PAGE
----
Back in the late 1970s I remember being on a job in Byfleet. The site was one of a row of houses in a typical street and all were open plan in the front. In front of the house next door was a small Blue Atlas Cedar tree. At one point the lady of that house came out to talk to us. "Isn't my Cedar lovely?" she said proudly. "I saw it in the garden centre and just fell in love with it!" "Tell me - will the tips of the branches ever reach the front of the house?" "Madam", I replied, "that is an Atlas Cedar, given half a chance they will reach the back!"
So here we are 40 odd years later laughing at the idea of putting a Blue Atalas Cedar into a small, suburban front garden. But does it really matter? It is only gardening and, when it does become too big, prune it or take it out and put another one in. What is the problem?
The problem is that the understanding that the vast majority of trees are a renewable resource has been forgotten. We used to know that, and, for 5000 years, our woodland was managed on that basis. You could coppice: cutting trees down to the ground and letting them re-grow, or you could pollard: cutting trees back to just a trunk and letting them re-grow, or you could remove them altogether and plant a new one in their place.
A tree and a piece of wood used to be one and the same thing. Now they are not. Thanks to new technology, such as plastics, the influx of cheap imported timber and changes in building practices, we gradually lost the connection between the tree and the timber to the point where, if you put a piece of timber into the hand of your average 'Urban Spaceman', he would have no real concept of the growing tree it came from and how it arrived here.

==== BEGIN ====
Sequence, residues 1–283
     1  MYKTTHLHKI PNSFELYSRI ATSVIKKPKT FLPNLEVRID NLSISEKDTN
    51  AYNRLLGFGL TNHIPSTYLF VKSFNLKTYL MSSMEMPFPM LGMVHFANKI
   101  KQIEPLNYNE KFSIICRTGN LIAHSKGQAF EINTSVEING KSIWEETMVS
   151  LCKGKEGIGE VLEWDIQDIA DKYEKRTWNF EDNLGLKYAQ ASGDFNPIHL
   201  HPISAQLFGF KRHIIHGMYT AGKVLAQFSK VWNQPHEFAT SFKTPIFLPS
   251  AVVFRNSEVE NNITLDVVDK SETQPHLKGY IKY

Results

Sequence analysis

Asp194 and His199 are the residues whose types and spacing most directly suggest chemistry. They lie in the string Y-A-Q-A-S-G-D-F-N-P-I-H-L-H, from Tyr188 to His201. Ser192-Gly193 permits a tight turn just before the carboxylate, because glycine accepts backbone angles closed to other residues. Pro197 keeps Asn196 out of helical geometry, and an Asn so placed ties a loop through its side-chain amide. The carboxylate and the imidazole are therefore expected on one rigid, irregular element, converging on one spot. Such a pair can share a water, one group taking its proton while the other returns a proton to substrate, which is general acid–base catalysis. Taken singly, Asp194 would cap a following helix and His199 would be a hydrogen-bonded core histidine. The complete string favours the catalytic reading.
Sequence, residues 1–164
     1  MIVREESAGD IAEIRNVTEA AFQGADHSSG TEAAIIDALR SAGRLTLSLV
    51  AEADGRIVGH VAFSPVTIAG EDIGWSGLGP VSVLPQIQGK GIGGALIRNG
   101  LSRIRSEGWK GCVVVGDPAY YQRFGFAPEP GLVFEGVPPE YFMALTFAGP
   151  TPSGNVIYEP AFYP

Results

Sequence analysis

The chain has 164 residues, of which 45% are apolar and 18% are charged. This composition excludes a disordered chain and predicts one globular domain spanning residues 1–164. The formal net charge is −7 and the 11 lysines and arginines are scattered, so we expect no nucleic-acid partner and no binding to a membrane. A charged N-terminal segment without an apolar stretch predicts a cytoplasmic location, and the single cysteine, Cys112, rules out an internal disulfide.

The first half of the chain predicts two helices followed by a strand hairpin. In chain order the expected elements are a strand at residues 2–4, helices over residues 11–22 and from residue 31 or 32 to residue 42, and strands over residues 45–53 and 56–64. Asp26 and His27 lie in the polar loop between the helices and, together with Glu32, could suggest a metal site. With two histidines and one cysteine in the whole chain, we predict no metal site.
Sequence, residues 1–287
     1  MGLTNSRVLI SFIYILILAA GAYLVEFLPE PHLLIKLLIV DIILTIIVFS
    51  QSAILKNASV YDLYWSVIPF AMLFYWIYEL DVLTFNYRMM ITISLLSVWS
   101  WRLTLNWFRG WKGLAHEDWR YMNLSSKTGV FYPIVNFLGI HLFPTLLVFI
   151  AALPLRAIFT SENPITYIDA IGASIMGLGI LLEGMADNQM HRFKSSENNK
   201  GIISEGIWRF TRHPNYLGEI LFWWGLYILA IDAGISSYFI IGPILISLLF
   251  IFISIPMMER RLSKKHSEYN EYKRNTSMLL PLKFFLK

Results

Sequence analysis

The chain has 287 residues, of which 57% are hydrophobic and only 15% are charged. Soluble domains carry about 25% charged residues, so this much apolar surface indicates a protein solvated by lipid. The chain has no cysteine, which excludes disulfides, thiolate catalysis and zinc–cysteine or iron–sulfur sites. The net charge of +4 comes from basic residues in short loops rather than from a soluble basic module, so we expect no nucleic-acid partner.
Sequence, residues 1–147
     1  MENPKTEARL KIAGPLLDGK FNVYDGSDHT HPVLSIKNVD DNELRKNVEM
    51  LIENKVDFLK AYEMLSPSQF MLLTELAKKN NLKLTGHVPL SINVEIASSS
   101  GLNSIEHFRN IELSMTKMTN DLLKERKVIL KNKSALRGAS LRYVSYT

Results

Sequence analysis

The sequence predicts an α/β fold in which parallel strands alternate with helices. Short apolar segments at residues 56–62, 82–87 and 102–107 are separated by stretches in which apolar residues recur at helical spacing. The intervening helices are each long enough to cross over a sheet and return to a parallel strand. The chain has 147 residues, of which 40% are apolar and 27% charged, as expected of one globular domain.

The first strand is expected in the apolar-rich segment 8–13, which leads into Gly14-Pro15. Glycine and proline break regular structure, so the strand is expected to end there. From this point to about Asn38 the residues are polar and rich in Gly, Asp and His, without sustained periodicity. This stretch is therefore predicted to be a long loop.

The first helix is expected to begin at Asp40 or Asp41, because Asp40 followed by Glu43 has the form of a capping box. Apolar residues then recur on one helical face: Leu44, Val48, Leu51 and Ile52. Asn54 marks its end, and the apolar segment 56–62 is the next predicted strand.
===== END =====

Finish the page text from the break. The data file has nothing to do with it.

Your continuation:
For the above reasons (amongst others) how we perceive trees has changed. Trees have become an ornament, a symbol for particular environmental views and an item for political gain. The lady in Byfleet would be in danger of finding that out, when the time came to remove the Cedar and replace it, she was served with a Tree Preservation Order making her keep it by somebody hell bent of 'saving the planet'. The consequence of this is that people are far more cautious about planting trees than they used to be in the fear that the right to manage them will be taken away. The result is not more trees in our towns and villages but fewer.
We have a British Standard that tells us that new trees on development sites should have room to grow to full size; you cannot plant a potentially large trree with a view to pruning it in the future. The consequences of this is that small trees, which tend to be shorter lived, instead of potentially large long-lived species are planted, which results in not more canopy cover in our towns and villages but less.
If we want people to plant more trees - and we really, really do! We need to save Tree Preservation Orders for the very important ones and let people manage their own trees in their gardens. In my view, we would not end up with any environmental disaster as a result!